Tennessee Aquarium: Part 3

December 7, 2009 Sea otters. Lloyd's favourite animal.

Wee, poisonous frogs:

A seriously old tortoise shell.

Younger tortoises. Indian Star Tortoises.

Catfish kiss.

Just a sight I liked on the way out:

-P

Tennessee Sealife: Part 2

December 7, 2009 This is a cuttlefish. I think he looks like a wee hippopatamus with no legs. Technically, they're mollusks, not fish. They can rapidly change colour to camouflage or communicate with other cuttlefish. Tell me that's not cute.

Seahorses are poor swimmers, but they are majestic creatures.

It does look like he's missing a little fish jockey...

Did you know it's the male seahorse that incubates the eggs in his pouch?

"The eggs then hatch in the pouch where the salinity of the water is regulated; this prepares the newborns for life in the sea. Throughout the male’s incubation, his mate visits him daily for 'morning greetings'. The female seahorse swims over for about 6 minutes of interaction reminiscent of courtship. They change color, wheel around sea grass fronds, and finally promenade, holding each other’s tails. :D Then, the female swims away until the next morning, and the male goes back to vacuuming up food through his snout." Wikipedia. But the smiley face is mine.

The yellow guy below is a seahorse, but what's more interesting are the gold and black fish to his left. They drift and swim vertical, in a pack--a strange sight.

Most seahorses can camouflage with colour, but some are built for pure deception like the one below that was difficult to discern in seaweed, and its green partner more so.

We saw seahorses of all colours and some as wee as a thumbnail and some a foot long. The seahorse exhibit was my favourite of them all.

-P

Tennessee Aquarium

There are more than just fish at the Tennessee Aquarium in Chattahoochee, TN.

Our favorite was the Penguin exhibit. We were lucky to be there at feeding time.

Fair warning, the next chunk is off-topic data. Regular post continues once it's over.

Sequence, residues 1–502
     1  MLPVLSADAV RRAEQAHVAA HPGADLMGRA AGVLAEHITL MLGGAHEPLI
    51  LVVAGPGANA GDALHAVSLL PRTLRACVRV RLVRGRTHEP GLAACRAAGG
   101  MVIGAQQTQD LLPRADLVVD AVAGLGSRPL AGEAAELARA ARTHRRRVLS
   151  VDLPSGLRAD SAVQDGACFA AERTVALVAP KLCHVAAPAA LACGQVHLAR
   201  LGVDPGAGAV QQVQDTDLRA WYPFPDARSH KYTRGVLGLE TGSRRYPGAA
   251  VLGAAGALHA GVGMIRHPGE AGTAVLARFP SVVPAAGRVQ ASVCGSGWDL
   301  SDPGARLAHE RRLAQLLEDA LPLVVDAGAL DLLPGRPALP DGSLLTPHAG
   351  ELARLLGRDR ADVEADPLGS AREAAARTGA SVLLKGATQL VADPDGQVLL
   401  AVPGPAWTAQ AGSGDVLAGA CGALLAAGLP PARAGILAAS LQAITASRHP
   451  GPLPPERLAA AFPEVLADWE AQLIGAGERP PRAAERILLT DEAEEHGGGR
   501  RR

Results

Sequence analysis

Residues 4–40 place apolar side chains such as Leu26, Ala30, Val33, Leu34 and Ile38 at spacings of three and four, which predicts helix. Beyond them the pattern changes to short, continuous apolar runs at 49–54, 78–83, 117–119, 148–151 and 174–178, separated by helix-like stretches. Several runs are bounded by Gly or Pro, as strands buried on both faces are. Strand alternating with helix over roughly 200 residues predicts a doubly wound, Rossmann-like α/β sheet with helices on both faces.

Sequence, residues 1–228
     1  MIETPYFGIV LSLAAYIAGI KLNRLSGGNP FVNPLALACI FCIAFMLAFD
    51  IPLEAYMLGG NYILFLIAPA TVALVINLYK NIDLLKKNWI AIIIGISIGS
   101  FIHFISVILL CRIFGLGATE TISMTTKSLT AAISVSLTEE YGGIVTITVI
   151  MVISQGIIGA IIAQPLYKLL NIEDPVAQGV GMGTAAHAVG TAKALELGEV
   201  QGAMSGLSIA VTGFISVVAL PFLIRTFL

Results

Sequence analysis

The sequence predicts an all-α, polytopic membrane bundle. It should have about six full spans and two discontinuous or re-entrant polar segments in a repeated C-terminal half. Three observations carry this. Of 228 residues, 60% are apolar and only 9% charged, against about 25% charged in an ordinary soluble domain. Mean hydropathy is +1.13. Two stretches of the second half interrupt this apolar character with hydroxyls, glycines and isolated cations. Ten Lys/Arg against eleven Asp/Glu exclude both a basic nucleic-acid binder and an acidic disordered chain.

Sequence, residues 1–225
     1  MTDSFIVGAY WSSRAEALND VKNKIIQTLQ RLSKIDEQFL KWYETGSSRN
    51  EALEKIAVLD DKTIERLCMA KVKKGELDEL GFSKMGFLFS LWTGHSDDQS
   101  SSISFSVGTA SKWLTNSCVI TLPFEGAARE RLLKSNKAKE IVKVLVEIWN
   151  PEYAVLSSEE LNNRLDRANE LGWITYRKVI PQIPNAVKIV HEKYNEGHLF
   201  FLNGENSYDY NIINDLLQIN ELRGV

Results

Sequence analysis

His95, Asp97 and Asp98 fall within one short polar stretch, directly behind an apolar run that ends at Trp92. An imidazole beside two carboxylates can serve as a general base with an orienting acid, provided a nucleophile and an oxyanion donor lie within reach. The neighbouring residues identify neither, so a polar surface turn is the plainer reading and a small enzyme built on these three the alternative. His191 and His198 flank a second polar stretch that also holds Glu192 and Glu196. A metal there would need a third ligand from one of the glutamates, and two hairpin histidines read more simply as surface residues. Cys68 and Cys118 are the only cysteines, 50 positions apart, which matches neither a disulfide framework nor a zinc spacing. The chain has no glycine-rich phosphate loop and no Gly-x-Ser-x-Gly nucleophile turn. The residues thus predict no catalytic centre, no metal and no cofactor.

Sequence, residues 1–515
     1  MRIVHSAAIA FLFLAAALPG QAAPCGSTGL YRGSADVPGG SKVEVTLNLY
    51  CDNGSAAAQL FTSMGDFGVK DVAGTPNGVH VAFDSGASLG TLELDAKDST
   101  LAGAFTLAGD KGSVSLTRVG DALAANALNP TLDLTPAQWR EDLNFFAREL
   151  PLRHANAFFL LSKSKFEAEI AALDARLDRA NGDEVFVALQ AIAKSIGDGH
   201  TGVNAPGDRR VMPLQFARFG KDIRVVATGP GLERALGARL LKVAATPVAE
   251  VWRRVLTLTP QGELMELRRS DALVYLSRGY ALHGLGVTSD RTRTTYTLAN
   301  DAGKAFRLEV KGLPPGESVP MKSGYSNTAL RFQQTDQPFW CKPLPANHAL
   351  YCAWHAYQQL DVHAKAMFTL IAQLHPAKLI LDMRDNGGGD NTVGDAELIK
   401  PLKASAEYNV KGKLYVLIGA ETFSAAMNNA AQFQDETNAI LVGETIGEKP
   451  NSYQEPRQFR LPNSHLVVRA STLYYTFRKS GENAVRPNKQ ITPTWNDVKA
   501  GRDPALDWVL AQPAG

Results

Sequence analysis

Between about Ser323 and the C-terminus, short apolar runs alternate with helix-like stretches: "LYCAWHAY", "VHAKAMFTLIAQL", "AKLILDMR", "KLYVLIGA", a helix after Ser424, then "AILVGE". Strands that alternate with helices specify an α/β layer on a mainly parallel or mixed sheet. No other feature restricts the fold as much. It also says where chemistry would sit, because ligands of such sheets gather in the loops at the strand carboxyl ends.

This is a must see stop in your travels. There are actually two Aquariums. One is ocean and the other is for the Tennessee River. Both are worth a visit.

[caption id="attachment_3982" align="alignnone" width="500" caption="Maybe we didn\'t really need Alabama and Mississippi..."][/caption]

The above map makes sense to me. Each state has an ocean and a river. Seems like good economics to me. Looks like property back home in Nova Scotia where every parcel included ocean front, garden site, and woodlot on the mountain. Progress sometimes seems to go backwards. -L

The Sealife of Tennessee

December 7, 2009 The Tennessee Aquarium is "the highes rated aquarium in the USA".

I took a lot of photos--all in wide angle, unfortunately, which means lower quality and poor memory (mine). I'd like to show you anyway. It might take a couple, three posts so here we go.

This is a freshwater stingray. I didn't know freshwater species existed. The one below has the company of several others including a bright orange and black ray and also fish that couldn't care less about them.

Can I get that for you?

Okay, not sealife, but cute, right?

That's a blue spotted ray below on the left in the tropical touch tank. All of their barbs are "removed". Wonder if that hurts...

I touched a ray. They feel like a warm, soggy mushroom. The fish on the right is a guitar fish.

We are especially adore penguins. They have such character. They waddle, socialize, dive and play. They're nonstop entertainment.

They're curious too. The little one below floated above and let me snap all the photos I wanted.

Shark alert!

PLEASE, please, please, Mother Nature, never let me see a shark this close in real life:

Ditto, but dazzling.

The aquarium has a large jellyfish exhibit lit by black light. "Jellyfish" is a misnomer; we should call them sea jellies or just jellies.

These are upsidedown jellies. Lazy jellies. They just stretch out and wait for food to come to them. Bet you know some creatures like that...

The jellies below just look confused. They bump and roll around.

An elegant species:

This one should appear here almost life size. It gives a little light show.

This is where I tell you that I have in fact eaten "jellyfish". I don't recommend it.

It was dinner with an important Asian client. He ordered. And, hey, I like to try new things...

Actually, I never wanted to try sea jellies.

They served it cold, in strips as long as shoelaces. What does it taste like? Well, first you have to chew it for days, well, for what seems like days because it has the consistency of jello left out in the sun to dehydrate for ... oh, say ... ten years! Anyway, you chew and chew and chew (and so on) and it never softens. In fact, it never tastes like anything after the jelly sauce dissolves, which you don't really taste because your mind overrides all tastebud abilities: I'm eating jellyfish! Gelatinous zooplankton!

Was it cooked or raw? I have no idea. So. You chew 'til the chunks can be safely swallowed without instigating a gag reflex and you gulp it down like you're famished. I'm convinced it can't really be digested anyway so why extend the epicurean anguish?

Yeah. Don't eat 'em if you can help it.

-P

The Sealife of Tennessee

December 7, 2009 The Tennessee Aquarium is "the highes rated aquarium in the USA".